Overthinking The Fall 2010 TV Lineup:  Terriers

Yeah, yeah, OTI is not a review site. I know. That said, Terriers gets two thumbs up.

Upon first watching the new FX show Terriers, one’s reaction is almost guaranteed to be “Hey, it’s The Big Lebowski, the series!”  And it is.  We have a sad-sack private detective with shaggy hair, shambling around southern California solving crimes, and some classic rock on the soundtrack, and…

Huh.  That’s kind of all.  Well, the villains are a bunch of dissolute rich people, but Lebowski never had any kind of monopoly on that hoary device.

Nevertheless, something about the show feels like Lebowski.  And though the similarities aren’t right out there on the surface, they’re there if you dig.  Mostly in the main characters.

Although Hank Dolworth (the lead character, played by Donal Logue), looks like the Dude, he doesn’t act much like him.  He’s a recovering alcoholic, for instance.  And while the Dude pretty much abides, Dolworth seems to have some fairly serious anger issues.  They’re well disguised for the most part, but this is not a guy who’s basically happy with his life, and it shows.  In this, he’s more like Walter Sobchak, although Walter’s anger issues were never particularly well disguised.  He’s also like Walter in that he used to be more firmly on the side of law and order (ex-police in this case, rather than ex-military), and in that he has a seriously fraught relationship with his ex-wife.  (Like Walter’s wife, Dolworth’s wife Gretchen, played by Kimberly Quinn, has moved on with her life — or at least that’s how it looks at the series’ start.  I’m betting the demands of serial drama will have her warming back up to her ex at some point.)  The Dude’s laid-back attitude is represented on Terriers by Dolworth’s partner-cum-sidekick Britt Pollack, played by Michael Raymond-James.  So although the roles are switched around a little bit, Pollack and Dolworth’s conversations feel like the conversations between Walter and The Dude.  And that’s probably where most of that Lebowski feeling is coming from.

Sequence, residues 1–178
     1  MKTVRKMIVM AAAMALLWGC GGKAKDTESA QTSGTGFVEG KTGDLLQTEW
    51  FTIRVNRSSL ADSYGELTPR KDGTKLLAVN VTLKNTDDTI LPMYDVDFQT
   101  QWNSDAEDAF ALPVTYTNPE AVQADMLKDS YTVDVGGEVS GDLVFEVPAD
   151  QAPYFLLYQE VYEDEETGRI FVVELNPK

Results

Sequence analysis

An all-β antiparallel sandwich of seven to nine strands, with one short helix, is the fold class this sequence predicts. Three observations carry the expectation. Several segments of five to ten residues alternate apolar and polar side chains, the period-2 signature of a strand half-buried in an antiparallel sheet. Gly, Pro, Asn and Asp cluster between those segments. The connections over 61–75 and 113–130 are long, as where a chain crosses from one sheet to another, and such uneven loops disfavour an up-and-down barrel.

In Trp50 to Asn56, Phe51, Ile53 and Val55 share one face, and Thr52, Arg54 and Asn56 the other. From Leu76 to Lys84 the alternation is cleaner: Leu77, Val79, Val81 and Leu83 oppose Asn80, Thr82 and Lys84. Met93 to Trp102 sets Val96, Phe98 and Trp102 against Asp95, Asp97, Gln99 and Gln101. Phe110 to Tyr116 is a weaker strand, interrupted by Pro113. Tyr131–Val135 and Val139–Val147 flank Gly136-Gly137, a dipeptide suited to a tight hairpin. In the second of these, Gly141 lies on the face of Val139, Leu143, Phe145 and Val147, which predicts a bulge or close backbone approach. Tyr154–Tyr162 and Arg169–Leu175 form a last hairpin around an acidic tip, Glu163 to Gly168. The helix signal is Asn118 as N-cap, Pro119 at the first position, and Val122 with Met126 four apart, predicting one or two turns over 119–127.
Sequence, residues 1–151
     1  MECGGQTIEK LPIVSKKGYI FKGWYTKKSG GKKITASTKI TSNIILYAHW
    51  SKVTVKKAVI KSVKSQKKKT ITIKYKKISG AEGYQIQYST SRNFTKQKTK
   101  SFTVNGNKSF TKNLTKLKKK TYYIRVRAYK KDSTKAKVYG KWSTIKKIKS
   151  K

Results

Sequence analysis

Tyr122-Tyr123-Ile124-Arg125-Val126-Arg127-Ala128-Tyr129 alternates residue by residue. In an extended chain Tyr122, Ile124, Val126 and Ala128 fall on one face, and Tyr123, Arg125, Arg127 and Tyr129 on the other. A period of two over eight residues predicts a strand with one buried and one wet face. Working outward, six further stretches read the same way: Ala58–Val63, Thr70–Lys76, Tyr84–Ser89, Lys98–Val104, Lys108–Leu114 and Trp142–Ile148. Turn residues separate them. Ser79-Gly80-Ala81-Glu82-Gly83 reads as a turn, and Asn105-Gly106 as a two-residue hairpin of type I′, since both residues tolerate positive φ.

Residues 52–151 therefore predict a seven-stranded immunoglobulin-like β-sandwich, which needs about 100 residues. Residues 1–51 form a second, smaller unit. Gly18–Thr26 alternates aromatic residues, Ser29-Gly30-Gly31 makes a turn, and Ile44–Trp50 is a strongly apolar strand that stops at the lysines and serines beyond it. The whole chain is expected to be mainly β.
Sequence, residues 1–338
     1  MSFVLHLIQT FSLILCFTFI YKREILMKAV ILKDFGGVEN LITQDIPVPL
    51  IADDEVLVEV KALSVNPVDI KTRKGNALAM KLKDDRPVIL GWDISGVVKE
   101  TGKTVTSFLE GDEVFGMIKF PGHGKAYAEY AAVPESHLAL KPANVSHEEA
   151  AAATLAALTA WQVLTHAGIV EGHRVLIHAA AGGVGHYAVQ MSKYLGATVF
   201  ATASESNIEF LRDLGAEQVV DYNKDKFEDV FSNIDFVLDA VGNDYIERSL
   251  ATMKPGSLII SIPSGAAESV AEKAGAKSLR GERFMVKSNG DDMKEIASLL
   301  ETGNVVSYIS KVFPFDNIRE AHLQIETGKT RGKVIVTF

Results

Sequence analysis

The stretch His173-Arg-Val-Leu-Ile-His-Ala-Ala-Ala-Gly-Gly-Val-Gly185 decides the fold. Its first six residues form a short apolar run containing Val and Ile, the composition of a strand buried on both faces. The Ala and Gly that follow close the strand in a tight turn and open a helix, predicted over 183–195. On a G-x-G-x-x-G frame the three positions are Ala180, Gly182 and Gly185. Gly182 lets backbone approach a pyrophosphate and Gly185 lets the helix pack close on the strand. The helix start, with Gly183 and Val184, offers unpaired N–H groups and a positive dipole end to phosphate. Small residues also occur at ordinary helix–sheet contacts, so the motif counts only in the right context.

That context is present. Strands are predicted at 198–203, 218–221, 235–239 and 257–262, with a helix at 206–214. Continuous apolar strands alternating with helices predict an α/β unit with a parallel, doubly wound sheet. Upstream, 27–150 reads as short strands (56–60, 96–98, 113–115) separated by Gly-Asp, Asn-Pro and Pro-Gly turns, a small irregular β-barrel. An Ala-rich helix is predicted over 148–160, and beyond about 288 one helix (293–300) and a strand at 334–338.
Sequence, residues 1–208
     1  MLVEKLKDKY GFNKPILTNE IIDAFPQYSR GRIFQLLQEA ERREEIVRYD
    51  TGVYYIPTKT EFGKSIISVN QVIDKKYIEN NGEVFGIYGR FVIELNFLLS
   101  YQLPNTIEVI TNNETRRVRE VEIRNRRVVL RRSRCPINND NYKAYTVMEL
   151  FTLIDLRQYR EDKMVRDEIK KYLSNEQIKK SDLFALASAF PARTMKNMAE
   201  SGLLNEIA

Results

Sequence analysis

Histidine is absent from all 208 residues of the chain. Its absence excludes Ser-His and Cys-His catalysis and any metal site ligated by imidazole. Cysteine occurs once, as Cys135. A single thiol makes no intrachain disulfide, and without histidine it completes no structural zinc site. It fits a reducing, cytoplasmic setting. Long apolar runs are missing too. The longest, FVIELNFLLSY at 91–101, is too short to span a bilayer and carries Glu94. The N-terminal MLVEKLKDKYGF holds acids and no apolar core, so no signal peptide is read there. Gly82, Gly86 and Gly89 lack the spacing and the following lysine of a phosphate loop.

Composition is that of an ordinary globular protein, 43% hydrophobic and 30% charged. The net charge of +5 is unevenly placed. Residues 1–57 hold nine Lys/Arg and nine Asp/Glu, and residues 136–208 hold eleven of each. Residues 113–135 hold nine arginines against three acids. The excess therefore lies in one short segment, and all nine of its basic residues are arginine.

In most other ways, though, the show is decidedly un-Lebowskian, and although I’m as fond of The Big Lebowski as the next guy, these other aspects are what I think make Terriers so promising.  For one thing, the plot really hums along.  One of the show’s creators wrote Ocean’s 11, and it shows:  although the pilot was mostly dedicated to showing Pollack and Dolworth bumming around San Diego, there were no wasted scenes.  Every event connected to every other event.  And this is vanishingly rare on TV.  It’s not that most TV shows are sloppily plotted, exactly:  they’re plotted exactly the way that they should be, given the way that people watch TV (i.e. channel surfing, checking email, what have you).  With crime shows, this means a lot less “putting the clues together,” and a lot more “one random thing gives the whole game away, and then, like, five different people talk about it, so whenever you make it back from the kitchen with your sandwich you still won’t be confused.”  The Terriers approach is a breath of fresh air… but it’s also slightly frustrating to watch if you do want to check your email or whatever, because you really can’t afford to.  Not because you’ll miss the one important scene, but because all of the scenes are important on the small scale.